Knowledge of gas dispersion and mass exchange between the bubble and the emulsion phases is essential for a correct prediction of the performance of fluidized beds, particularly when catalytic reactions take place. Test cases of single rising bubble and a bubbling fluidized bed operated with a jet without a chemical reaction were studied in order to obtain fundamental insights in the prevailing mass transfer phenomena. Numerical simulations were carried out to predict the dispersion of tracer gas using a two-fluid model based on Kinetic Theory of Granular Flow (KTGF). The simulations of a single-bubble rising through an incipiently fluidized bed revealed that the assumptions often made in phenomenological models in the derivation of correlations for the mass transfer coefficient, mainly that the bubble diameter remains constant and that the tracer concentration is uniform in the bubble, are not valid. The predicted bubble-to-emulsion phase mass transfer coefficient showed good agreement with the estimated values from the literature correlations assuming additive convection-diffusion transport for different bubble sizes and different particle sizes, indicating the importance of the convective distribution even for relatively small particles. Experiments were carried out to measure the steady state concentration profiles of a tracer gas in a pseudo two-dimensional bubbling fluidized bed operated with a jet. The simulated steady state concentration profiles of the tracer gas agreed well the experimental measurements. The radial convection of the gas is significantly influenced by the bubble `throughflow¿ and therefore depends upon the particle and bubble size. The experimental comparison of theoretical results was extended to study the influence of the jet velocity and the particle diameter on the radial dispersion of the tracer gas in the bed.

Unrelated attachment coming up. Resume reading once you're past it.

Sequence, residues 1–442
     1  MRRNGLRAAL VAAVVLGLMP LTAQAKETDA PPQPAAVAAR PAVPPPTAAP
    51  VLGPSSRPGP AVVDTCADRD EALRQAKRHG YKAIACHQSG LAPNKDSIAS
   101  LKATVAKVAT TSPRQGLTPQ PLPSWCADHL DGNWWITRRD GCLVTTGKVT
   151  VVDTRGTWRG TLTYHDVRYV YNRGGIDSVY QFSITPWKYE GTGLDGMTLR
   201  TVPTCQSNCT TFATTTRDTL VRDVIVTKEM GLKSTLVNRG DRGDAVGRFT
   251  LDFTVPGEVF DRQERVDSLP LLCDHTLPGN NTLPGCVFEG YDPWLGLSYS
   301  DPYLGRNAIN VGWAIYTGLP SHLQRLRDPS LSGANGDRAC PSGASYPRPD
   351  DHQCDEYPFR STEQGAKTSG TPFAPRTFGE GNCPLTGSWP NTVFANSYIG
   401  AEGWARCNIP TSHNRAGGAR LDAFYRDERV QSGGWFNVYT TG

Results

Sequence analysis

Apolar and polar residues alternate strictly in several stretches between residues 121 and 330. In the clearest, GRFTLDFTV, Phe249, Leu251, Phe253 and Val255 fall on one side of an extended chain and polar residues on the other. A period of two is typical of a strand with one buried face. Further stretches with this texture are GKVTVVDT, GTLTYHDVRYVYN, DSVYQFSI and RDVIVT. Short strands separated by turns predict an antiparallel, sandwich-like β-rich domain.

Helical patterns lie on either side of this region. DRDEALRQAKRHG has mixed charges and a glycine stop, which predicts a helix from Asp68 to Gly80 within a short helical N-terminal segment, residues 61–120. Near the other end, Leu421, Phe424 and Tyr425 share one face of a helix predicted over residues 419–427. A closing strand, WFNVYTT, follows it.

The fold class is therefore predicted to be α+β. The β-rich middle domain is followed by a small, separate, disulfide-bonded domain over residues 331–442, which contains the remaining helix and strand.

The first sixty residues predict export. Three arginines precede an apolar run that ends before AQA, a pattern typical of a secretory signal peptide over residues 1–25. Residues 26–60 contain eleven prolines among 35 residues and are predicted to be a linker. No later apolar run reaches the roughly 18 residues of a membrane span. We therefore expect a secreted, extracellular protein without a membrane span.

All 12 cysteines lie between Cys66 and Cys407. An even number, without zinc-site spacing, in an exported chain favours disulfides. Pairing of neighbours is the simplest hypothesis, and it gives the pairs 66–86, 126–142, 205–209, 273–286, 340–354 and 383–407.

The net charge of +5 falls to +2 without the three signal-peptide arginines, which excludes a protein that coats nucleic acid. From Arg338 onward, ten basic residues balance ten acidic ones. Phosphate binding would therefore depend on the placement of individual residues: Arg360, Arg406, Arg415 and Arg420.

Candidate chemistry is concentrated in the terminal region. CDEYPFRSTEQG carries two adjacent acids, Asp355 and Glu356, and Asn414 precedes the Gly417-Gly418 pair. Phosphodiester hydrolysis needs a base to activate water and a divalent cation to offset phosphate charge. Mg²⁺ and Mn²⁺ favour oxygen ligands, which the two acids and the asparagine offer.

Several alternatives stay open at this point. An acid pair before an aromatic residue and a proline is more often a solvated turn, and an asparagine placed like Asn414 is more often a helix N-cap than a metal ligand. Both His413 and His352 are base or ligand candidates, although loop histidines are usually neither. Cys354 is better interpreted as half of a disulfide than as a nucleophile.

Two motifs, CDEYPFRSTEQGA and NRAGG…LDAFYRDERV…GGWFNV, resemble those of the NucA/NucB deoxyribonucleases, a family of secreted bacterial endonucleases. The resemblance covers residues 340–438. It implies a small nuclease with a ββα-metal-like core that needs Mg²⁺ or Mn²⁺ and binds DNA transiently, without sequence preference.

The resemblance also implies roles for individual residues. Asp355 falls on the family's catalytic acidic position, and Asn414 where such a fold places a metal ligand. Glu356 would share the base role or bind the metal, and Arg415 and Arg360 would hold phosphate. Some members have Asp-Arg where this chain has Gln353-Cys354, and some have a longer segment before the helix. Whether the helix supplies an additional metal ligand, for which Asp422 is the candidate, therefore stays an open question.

|Number of pages||22|
|Journal||International journal of chemical reactor engineering|
|Publication status||Published - 2003|